It's Good to Be the King!: Prosecuting Heads of State and Former Heads of State Under International Law

28 Pages Posted: 14 Oct 2014

Date Written: 2000

Abstract

When Adolf Hitler and Benito Mussolini died prior to capture at the end of World War II, a grave travesty occurred. The international community was denied the long-awaited opportunity of bringing these alleged perpetrators of heinous crimes to justice. If either had survived, we can only project that they would have stood trial with the other Nuremberg defendants under the clear language of the Charter of the International Military Tribunal at Nuremberg? On an intellectual level we know that each of the other twenty-two Nuremberg defendants saw his day in court and suffered the penalties pronounced against him. Yet, not one of these individuals was considered a sitting or former head of state. And, despite the recent Pinochet ruling suggesting that former heads of state are not immune from punishment for gross violations of human rights committed while serving as head of state (the "Pinochet precedent"), we must on some level admit that the international community has been reluctant to bring to trial-not merely indict-any sitting or former head of state.

The most recent events in Yugoslavia have thus far merely confirmed this trend. While the international community understandably welcomes the transition to democracy in Yugoslavia, little has been said regarding the arrest and prosecution of the now former President, Slobodan Milosevic. Due to the delicate maneuvering that typically follows a transition to democracy, most countries focus more on the gain achieved by deposing Milosevic and far less on the negative implications for the rule of law if Milosevic ultimately escapes trial. Even before Milosevic was removed, a United Nations human rights representative indicated that perhaps the granting of an amnesty or immunity from prosecution would be a worthy exchange were Milosevic to leave office. Fortunately, the situation never required the "brokering" of immunity.

Even without consideration of Milosevic, the list of potential defendants is long, current and demands an accounting. For example, previously, there was Pol Pot,9 and now all but two prominent Khmer Rouge figures remain free in Cambodia. In addition, there are Idi Amin, Mengistu Haile Mariam, Jean Claude (aby Doe) Duvalier, Moammar Gadhafi and Alfredo Stroessner. Reliable information indicates the present residence of each of these individuals, yet, only Hissene Habre, the former Chadian dictator, and most recently Indonesia's Suharto, have seemingly been affected by the Pinochet precedent. Thus, while the words exist that permit-and, at times demand -- former and sitting heads of state be prosecuted and possibly punished for their atrocities, the actions of the world community have fallen short of these proclamations.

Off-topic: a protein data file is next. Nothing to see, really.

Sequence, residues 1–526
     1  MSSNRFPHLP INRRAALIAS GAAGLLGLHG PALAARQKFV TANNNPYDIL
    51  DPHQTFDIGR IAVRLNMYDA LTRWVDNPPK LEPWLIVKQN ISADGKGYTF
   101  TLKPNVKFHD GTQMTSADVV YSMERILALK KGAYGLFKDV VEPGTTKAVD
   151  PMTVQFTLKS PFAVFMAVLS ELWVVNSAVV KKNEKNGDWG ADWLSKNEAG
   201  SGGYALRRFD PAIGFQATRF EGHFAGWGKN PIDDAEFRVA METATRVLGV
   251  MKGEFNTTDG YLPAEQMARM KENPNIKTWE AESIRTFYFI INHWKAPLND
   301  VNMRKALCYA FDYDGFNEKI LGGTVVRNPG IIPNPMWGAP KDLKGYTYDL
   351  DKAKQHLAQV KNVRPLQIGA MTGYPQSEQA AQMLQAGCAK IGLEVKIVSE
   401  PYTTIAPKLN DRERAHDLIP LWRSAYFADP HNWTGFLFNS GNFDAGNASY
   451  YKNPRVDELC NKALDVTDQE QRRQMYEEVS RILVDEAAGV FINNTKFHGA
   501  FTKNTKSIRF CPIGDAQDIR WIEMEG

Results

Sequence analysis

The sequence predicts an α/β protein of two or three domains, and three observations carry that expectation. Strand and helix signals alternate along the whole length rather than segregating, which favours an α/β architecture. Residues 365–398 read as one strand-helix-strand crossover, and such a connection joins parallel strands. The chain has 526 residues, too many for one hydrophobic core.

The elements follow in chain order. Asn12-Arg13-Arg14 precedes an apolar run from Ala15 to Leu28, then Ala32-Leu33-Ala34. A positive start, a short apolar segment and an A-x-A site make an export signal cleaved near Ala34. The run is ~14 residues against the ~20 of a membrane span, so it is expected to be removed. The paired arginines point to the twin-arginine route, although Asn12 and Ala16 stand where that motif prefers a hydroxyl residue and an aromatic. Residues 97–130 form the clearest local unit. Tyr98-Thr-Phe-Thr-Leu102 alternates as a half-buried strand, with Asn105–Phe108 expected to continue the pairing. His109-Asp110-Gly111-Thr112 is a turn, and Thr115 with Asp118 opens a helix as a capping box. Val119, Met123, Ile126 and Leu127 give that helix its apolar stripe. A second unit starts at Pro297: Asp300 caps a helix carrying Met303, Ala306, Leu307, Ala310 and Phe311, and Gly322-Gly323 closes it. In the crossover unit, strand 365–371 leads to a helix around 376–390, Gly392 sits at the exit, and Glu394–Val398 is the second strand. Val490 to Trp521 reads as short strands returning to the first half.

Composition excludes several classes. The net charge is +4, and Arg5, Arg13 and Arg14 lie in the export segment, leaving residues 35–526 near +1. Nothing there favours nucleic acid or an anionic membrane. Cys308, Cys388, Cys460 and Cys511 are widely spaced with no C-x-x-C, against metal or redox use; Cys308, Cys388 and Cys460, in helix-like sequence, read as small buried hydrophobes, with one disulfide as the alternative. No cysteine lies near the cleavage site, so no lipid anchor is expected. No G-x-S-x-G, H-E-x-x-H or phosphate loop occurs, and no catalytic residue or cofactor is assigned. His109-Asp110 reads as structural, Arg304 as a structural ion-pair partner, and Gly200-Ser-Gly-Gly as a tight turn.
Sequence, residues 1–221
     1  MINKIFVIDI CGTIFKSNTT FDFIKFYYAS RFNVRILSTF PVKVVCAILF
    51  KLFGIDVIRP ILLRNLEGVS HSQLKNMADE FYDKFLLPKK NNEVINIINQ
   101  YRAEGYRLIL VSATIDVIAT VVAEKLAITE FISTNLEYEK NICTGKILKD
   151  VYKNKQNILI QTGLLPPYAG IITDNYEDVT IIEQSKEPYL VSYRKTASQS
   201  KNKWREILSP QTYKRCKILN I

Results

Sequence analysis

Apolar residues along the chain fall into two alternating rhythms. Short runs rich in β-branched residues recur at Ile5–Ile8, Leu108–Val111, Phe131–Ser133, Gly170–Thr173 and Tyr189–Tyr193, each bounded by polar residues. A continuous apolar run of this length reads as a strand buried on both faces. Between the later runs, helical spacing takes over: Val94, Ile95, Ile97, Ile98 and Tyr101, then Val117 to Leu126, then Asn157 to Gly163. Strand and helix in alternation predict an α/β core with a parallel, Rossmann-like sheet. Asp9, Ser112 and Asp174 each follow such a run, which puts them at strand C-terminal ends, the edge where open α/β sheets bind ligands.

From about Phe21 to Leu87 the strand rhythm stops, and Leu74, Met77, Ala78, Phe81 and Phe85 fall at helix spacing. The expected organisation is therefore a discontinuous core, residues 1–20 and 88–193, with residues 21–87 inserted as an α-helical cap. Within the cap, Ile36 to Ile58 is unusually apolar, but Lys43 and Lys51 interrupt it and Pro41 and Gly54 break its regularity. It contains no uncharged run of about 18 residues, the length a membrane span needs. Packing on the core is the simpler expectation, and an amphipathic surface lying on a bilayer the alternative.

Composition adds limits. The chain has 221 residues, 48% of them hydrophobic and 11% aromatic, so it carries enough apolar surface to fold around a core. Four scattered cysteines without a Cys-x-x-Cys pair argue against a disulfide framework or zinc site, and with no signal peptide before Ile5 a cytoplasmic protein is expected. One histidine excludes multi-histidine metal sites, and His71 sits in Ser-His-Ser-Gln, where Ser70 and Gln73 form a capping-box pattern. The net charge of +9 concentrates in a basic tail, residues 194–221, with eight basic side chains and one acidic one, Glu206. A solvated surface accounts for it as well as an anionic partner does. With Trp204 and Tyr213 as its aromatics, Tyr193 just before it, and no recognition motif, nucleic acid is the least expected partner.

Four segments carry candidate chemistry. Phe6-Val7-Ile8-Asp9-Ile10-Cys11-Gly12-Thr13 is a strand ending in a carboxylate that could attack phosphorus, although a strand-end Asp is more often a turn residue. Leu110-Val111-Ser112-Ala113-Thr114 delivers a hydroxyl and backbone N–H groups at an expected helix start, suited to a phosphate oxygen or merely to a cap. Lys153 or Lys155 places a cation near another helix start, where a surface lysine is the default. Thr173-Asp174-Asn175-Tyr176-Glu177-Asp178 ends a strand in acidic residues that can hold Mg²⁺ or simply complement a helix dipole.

Perhaps this failure is a testament to the unique nature of international "law." International law is a limited system constrained on one end by voluntary compliance of consenting sovereign states and on the other by the political deadlock of the moment. Until some radical change occurs in international law or the politics of the moment, it is still good to be the king!

Keywords: international criminal court, international law, heads of state, punishment

JEL Classification: k33, K10, K14, N40

Suggested Citation

Penrose, Meg Mary Margaret, It's Good to Be the King!: Prosecuting Heads of State and Former Heads of State Under International Law (2000). Columbia Journal of Transnational Law, Vol. 39, p. 194 (2000). Available at SSRN: https://ssrn.com/abstract=2510035

Meg Mary Margaret Penrose (Contact Author)

Texas A&M University School of Law ( email )

1515 Commerce St.
Fort Worth, TX 76102
United States

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